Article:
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Dealing with erectile dysfunction and diabetes

One of the most common long-term complications from type 2 diabetes is also one of the most difficult to discuss, writes diabetes educator KASI KEEFE.

Let’s get this out of the way – erectile dysfunction is incredibly common. While men often feel uncomfortable talking openly about such an intimate issue, more than one in five men over the age of 40 will experience problems getting or maintaining an erection. Those odds go up significantly for men living with type 2 diabetes.

Erectile dysfunction (ED) is defined as a persistent or recurrent inability to attain or maintain an erection, but its effects tend to be more widespread. ED can have a profound and negative impact on the mental and physical health of men and their partners.

It’s also not just about sexual health. ED can be a common complication of a range of chronic conditions, so can function as an early warning sign that something isn’t right. The sort of blood vessel problems that can cause ED also indicate a higher risk of future stroke and heart attacks. There is good news, however. Around 95% of men can be treated successfully once the cause is identified.

These causes can include:

  • diabetes, high blood pressure, high cholesterol or heart disease
  • localised trauma to erectile mechanism
  • medications
  • tobacco smoke, alcohol and drugs
  • hormonal disorders
  • Peyronie’s disease
  • stress – work, relationship, financial
  • mental health conditions, depression and anxiety.

The first step in dealing with ED is to talk about it with your doctor. They will complete a clinical assessment, treatment plan, referrals and follow up. This will look at any chronic illness you have and investigations into other chronic health conditions.

Erectile dysfunction can have a profound and negative impact on the mental and physical health of men and their partners.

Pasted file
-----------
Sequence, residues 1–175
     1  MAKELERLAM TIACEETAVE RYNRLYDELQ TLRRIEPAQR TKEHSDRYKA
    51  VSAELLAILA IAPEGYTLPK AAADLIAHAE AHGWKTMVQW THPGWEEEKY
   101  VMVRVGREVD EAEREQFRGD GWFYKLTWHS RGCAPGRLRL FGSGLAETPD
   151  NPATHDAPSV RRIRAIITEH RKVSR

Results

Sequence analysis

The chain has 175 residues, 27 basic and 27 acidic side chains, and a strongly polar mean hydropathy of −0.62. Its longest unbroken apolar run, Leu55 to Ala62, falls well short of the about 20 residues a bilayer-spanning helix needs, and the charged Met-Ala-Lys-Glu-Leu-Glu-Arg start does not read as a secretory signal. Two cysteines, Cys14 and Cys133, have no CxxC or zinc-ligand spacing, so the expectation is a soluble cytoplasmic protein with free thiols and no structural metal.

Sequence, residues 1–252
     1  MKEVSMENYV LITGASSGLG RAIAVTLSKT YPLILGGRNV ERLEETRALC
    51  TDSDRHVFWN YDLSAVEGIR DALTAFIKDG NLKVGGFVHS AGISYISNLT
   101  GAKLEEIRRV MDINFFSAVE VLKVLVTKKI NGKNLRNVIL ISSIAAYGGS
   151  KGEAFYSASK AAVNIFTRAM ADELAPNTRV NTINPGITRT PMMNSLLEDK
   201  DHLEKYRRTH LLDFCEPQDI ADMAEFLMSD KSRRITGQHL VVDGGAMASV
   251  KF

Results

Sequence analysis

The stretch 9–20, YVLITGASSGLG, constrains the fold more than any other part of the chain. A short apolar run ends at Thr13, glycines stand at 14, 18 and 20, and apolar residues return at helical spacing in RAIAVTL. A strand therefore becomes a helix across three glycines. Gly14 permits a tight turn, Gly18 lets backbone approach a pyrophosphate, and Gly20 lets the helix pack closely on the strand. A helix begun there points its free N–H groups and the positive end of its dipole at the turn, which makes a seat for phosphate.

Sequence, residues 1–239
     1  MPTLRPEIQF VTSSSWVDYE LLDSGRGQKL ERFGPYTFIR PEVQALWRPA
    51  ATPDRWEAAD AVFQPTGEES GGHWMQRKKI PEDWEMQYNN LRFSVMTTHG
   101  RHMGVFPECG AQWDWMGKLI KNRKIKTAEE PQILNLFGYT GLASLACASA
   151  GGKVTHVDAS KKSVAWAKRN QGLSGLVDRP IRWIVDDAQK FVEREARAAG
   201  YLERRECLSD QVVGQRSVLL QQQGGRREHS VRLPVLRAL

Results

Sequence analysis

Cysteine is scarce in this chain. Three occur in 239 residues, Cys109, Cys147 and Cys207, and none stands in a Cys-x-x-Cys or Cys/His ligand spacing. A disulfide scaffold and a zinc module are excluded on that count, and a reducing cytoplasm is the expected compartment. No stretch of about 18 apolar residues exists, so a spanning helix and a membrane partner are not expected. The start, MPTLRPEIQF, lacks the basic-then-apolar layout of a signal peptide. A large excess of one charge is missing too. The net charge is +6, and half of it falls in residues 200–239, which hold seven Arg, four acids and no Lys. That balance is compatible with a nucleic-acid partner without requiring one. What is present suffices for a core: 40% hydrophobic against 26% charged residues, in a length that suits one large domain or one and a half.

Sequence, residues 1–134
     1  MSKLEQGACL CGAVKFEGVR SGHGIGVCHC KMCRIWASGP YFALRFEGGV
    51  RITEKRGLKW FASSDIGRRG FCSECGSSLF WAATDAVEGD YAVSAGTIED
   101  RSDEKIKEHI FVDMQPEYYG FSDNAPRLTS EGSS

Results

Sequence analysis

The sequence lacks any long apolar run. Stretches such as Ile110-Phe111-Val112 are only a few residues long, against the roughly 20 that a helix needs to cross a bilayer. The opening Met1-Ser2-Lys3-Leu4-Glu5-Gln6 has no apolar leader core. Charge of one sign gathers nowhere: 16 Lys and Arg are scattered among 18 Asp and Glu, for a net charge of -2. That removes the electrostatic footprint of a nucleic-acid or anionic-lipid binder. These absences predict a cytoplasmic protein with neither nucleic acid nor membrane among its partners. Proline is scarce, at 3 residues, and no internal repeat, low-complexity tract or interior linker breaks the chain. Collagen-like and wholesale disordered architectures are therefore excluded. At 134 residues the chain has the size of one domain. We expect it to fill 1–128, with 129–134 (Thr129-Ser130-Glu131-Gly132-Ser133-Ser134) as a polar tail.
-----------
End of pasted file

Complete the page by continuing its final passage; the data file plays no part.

In terms of treatment, your GP will start by helping you to change any modifiable risk factors and adapt any medication to reduce side effects.

Things you can change:

  • reduction in smoking and alcohol
  • improving diet and exercise
  • weight loss
  • diabetes and cardiovascular management
  • stress management.

Any treatment process for ED will vary depending on the cause. You’ll also need to consider your and your partner’s goals and weigh up any benefits against the risk and cost of the treatments. Men with diabetes are also at risk of other long-term complications including overactive bladder, incontinence, UTIs and retrograde ejaculation.

Working with your health care team to manage your diabetes is essential in reducing your risk or managing complications. Steps you can take include creating healthy habits – being active on most days, eating a balanced diet, checking your blood glucose levels and being engaged with a health care team.

Take advantage of the self-management education and support services available through the NDSS, engage with your health care team early and frequently.

For more information on male health issues: www.healthymale.org.au

How your GP can help:

  • changing current medications linked to ED
  • managing androgen deficiency
  • addressing psychological issues
  • further referral when required.

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